A screen shot from the video game 'Sky: Children of
Image courtesy of thatgamecompany

Jenova Chen Is Still Trying to Convince the World Video Games Are Art

Why the ‘Flower’ and ‘Journey’ designer has left his arthouse roots behind for the masses.

Inside Jenova Chen’s web browser is an app called “The Last Sunday.” Users input their name and date of birth, and the app, assuming life expectancy is 80 years old, spits out how many Sundays are left until you probably die. According to the app, it’s “to remind oneself that time in life is limited and is not to be wasted.” When Chen and I were speaking in late October, the acclaimed designer behind Journey and Flower only had 2,030 Sundays left.

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“How are you going to spend these weeks Jenova?” read the browser tab shared with me on the call. “I have [people] applying for jobs [saying] ‘Oh, as a teenager I played Journey and it left [a] strong mark in my life and I wanted to work for this company,’” said Chen. “And it was kind of crazy to think about like, ‘Wow, it's another generation of people now.’ That's just a quick reminder that I'm already on a dying path and the second half of my life.”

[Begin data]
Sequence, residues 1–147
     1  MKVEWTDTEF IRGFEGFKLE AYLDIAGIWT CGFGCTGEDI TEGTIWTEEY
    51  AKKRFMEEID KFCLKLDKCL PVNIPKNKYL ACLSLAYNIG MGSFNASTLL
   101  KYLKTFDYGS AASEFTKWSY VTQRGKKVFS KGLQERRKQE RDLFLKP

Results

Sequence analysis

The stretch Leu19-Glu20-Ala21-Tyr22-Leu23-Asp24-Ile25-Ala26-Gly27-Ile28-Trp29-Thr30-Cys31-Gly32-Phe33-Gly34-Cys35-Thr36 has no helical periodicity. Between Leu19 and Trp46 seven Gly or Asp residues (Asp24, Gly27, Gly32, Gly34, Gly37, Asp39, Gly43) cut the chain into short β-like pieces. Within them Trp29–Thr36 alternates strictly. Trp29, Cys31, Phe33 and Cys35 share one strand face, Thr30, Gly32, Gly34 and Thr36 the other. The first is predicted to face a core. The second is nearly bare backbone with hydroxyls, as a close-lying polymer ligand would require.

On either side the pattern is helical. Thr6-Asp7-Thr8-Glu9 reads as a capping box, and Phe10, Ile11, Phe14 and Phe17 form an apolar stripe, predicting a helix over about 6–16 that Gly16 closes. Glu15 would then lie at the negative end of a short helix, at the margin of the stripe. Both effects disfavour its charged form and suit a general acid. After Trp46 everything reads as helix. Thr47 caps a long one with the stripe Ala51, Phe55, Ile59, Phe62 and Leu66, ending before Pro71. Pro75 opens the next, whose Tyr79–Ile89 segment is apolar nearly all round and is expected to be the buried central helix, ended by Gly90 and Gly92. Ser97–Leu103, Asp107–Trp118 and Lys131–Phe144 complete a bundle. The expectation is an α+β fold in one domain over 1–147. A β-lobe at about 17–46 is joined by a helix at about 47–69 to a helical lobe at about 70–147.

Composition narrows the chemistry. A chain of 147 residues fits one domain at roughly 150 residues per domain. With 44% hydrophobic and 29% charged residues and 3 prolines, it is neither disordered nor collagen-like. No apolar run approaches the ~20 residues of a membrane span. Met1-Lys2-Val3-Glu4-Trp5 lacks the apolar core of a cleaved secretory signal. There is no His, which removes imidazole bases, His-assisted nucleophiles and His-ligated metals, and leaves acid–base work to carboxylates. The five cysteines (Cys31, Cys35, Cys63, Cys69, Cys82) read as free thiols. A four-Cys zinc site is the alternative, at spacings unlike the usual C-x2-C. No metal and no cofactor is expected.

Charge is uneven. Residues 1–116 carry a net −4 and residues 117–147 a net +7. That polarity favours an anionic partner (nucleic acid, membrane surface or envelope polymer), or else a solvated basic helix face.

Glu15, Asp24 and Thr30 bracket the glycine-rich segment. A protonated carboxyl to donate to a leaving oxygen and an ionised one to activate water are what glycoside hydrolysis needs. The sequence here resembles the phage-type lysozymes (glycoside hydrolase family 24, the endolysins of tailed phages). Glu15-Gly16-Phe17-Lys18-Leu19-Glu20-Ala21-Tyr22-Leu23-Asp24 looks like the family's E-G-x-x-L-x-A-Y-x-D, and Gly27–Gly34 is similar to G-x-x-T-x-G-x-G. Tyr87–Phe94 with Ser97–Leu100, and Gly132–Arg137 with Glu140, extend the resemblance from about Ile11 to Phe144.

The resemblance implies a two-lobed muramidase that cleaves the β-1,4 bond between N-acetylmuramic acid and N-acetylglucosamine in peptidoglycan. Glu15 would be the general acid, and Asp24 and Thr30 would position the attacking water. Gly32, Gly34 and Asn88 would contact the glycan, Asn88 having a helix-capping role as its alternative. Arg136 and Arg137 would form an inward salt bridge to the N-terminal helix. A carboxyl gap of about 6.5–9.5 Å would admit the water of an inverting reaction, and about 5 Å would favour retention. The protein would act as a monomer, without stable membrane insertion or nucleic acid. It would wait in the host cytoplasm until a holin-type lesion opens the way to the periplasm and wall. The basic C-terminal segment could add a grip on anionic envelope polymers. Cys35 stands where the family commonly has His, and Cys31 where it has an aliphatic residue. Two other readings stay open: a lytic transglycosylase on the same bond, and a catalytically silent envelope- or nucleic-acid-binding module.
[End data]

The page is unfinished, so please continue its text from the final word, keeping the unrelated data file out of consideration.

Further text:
In the second half of his life, Chen has a singular mission: change society’s perception of video games. The game Chen has been working on since Journey was released all the way back in 2012 is Sky: Children of the Light, an experience that builds upon the lessons of Journey—you fly around in a cape, there’s a heavy emphasis on unique social interactions. 

Sky didn’t prioritize consoles, debuting on Apple and Android devices in 2019, before Switch in 2021. Uniting all three platforms is their ability to tap into wider audiences, people who aren’t making God of War Ragnarok a best seller. (Funnily, Sky hit PlayStation this week.)

“The only way to change the public is to have that reach,” said Chen. “I mean, the public's impression of modern day video games in the United States is still Call of Duty. It's the thing that has the massive reach and it has the—almost like propaganda, basically—commercials. And indie art house [games], we can never afford any marketing. So in the end, I was thinking, am I going to stay focused on first trying to be a fine artist, or should I change my approach and do it in a way that could actually convince more people that games are art?”